Exceptions to trends

How to explain exceptions

The basic idea is that some orbital positions are intrinsically more or less stable because of the details of the configuration.

More stable:

Any electron that completes a set of orbitals, for example the S
2, p6 or d10. Because this is the last electron in the space of these orbitals, the "harmonics" are complete. Removing that electron would be harder than expected just based on the trends. An example would be the ionization energy of Zn. The first electron removed would be from either the S2 or d10. So, Zn's first ionization energy is higher than predicted.

Less stable:

Any electron that is the first lone electron in a set of orbitals, such as the p
1. As a result, aluminum has a lower ionization energy than expected.
Any electron that is the first spin-paired electron in a set of orbitals, such as the p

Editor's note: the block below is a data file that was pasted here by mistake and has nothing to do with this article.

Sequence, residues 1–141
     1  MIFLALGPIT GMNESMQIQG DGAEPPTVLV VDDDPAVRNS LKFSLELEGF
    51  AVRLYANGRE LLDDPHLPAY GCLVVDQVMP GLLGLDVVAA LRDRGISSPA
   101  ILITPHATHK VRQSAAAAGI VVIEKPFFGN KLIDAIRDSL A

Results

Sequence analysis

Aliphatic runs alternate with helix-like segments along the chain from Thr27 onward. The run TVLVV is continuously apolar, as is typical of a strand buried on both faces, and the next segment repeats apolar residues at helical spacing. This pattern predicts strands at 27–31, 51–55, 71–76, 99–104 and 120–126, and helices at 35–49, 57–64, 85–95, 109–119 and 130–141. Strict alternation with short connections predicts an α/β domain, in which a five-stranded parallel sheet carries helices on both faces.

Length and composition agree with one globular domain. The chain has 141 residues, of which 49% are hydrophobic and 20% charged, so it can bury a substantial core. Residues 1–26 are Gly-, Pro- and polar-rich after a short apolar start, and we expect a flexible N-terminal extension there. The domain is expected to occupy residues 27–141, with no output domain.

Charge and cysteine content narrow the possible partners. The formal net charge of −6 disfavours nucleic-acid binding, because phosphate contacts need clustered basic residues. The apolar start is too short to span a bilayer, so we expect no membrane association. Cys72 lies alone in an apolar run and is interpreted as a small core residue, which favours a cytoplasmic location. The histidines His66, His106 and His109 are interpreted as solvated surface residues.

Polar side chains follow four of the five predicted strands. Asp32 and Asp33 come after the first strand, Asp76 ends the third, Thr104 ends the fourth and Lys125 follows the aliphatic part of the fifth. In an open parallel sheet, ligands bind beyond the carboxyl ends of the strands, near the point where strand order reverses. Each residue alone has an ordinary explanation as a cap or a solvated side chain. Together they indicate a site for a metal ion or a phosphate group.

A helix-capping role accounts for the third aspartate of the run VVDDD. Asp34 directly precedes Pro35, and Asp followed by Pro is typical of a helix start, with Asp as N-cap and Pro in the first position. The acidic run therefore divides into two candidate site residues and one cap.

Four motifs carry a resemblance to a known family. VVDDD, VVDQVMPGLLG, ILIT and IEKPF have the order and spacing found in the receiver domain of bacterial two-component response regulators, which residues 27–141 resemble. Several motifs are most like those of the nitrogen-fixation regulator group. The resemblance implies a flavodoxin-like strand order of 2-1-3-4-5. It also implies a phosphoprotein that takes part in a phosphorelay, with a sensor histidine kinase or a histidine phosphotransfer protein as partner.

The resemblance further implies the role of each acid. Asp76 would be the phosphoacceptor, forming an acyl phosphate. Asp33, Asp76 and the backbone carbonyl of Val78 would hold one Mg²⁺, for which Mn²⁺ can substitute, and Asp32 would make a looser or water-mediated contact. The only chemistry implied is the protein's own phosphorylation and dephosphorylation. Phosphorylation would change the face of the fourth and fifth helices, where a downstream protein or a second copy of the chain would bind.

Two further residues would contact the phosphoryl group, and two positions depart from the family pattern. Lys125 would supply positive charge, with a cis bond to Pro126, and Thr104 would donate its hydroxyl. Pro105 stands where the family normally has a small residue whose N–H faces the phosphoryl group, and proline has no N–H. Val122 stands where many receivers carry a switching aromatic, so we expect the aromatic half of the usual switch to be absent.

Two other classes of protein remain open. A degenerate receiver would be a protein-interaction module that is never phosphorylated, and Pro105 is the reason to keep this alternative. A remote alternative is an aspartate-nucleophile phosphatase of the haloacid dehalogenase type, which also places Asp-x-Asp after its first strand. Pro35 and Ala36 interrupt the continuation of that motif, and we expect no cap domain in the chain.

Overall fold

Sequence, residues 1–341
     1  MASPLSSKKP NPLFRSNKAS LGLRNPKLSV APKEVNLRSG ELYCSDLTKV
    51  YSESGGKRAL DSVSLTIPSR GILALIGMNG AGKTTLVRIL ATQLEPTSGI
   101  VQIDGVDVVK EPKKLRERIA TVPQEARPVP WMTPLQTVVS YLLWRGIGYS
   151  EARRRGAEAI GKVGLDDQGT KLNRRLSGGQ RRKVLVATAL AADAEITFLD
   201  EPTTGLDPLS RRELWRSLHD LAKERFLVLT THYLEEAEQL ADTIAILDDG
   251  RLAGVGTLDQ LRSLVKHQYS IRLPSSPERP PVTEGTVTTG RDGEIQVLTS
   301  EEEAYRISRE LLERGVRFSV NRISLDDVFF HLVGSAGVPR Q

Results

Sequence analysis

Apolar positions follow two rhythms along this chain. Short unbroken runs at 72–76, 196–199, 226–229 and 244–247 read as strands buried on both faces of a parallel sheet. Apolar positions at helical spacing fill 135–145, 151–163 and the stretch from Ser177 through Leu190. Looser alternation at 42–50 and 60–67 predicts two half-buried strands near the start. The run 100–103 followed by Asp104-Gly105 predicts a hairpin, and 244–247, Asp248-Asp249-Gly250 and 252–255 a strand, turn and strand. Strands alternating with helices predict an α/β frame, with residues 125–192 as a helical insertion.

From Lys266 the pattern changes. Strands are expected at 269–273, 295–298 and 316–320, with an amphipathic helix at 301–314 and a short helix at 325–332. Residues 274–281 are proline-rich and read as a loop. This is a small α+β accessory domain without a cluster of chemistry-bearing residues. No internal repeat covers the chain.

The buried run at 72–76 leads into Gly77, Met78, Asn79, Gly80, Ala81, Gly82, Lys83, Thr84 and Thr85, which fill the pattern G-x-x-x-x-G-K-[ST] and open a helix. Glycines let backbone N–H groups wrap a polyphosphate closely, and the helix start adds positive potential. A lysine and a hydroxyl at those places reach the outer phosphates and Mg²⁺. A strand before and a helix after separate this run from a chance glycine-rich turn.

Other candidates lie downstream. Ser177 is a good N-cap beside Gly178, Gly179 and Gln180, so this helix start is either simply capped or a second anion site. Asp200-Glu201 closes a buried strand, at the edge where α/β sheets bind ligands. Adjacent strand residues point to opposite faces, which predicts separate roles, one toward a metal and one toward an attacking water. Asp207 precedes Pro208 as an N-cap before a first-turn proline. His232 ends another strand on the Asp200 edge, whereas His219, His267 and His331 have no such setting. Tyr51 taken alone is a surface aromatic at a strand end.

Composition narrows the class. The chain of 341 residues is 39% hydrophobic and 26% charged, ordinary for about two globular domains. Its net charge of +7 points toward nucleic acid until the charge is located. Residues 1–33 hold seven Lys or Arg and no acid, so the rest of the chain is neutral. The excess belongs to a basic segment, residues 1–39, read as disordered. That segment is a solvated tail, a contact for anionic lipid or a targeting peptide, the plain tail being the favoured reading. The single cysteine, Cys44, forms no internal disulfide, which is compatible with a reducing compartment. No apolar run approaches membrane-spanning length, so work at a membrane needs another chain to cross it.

4 or or d6. As a result, Oxygen has a lower ionization energy than expected (the p4 electron is easier to remove). Similarly Nitrogen will not accept an electron to become N-. Can you explain why?
A more extreme version of this is what happens with Chromiums ground-state. Chromium has 24 electrons. 6 of them are in the valence level (18 are in the configuration of argon).
Then you fill in the 4s
2 and start on the "3d" orbitals. A funny thing happens when you get to 24 electrons. You would think that the last 6 after "argon" would end up 4s2, 3d4. But, there is the tendency to have maximum parallel spin proposed by Hund's rule. So, one of the 4s electrons gets "promoted" to give you 4s1 3d5. Thus, you get 6 electrons all in parallel spin. This contributes to some of chromium's odd properties.